A May 11 editorial from Hearst Connecticut Media:
The word “college” should be synonymous with deeper thinking.
Yet the recent discourse at the Connecticut’s highest levels about the future of state colleges and universities has been sounding more like a fourth-grade playground tussle.
Lost in the conversation, as usual, is the future of the students. Imagine being a high school student weighing options, or a current college student trying to sort out whether they’ll be able to pay the bills come September. There are only four weeks left in the session to determine how much the 17 programs (2-year community colleges, 4-year regional public universities and online courses) will get in state funding. Four weeks during which the fate of Connecticut’s colleges will be competing with countless other causes.
It’s a predictable script. Lawmakers will settle on a figure that administrators at the colleges will have to live with. Tuition hikes are inevitable. For some students, that will be enough to drop out. Colleges struggling to boost enrollment take more hits. And the heartless cycle will continue to slam a lot of first-generation college students.
Connecticut, as it has a steady habit of doing with its own image, is sabotaging a reputation as a state with a range of college opportunities for students. Given that some 95% of students in our state colleges are from Connecticut, it is also targeting its own future workforce.
This is too important to cram into the workload of lawmakers over a few weeks that also happen to dovetail with the end of the school year. It merits a special session to hash out how the state will support its own colleges, its own students, its own workforce, for the next generation.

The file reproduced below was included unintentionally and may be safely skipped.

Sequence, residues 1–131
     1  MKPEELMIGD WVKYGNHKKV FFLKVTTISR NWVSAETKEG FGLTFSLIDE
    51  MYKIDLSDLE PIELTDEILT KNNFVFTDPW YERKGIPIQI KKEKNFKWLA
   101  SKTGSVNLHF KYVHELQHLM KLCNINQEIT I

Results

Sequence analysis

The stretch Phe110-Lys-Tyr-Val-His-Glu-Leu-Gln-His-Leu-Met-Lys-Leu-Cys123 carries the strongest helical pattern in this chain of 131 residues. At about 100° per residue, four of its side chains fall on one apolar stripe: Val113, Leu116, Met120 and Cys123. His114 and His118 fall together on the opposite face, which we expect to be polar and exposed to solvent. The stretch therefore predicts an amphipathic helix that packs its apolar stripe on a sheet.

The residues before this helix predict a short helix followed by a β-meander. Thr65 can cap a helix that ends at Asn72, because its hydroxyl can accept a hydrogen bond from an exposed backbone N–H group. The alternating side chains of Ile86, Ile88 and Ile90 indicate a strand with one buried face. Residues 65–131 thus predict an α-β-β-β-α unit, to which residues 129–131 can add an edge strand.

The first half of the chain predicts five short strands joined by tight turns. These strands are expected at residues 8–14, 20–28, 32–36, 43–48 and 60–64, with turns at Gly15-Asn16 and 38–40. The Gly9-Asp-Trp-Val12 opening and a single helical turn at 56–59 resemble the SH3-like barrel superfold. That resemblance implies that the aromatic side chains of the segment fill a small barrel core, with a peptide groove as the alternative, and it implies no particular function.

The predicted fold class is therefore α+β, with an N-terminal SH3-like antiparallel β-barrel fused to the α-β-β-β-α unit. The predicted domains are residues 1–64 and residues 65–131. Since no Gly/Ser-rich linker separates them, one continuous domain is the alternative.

At the core of the divide is that the Office of Policy and Management says the colleges are asking to continue elevated funding that was added to their budgets during the pandemic, when tuition revenue dropped.
The colleges, meanwhile, say the state negotiated union contracts for its workforce without providing the funding to pay for it.
You can choose to take sides, but it wouldn’t really matter. The state and the colleges have common stakeholders — the students. And the students are left confused. Will classrooms be larger next semester? Will favorite teachers depart? Will programs be cut?
And there are a lot of those stakeholders. About 85,000, plus their families.
These Connecticut colleges have been battling cuts and consolidation for the better part of the last decade. The governor’s office wants a more sustainable system. Terrence Cheng, who has had oversight of the colleges for the past two years, says enrollment is starting to stabilize.
As any student knows, fighting for survival is not the same as striving for success. And agreeing on the terms of a reduced budget is not the same as planning future innovations, let alone addressing infrastructure that will only erode under financial pressures.
If Connecticut is going to burnish a reputation for hosting colleges that are aspirational, its leaders need to remind themselves of what colleges represent. They need to get back to basics. They need to re-imagine. They need to balance life’s realities with its possibilities.
In short, they need to become students again.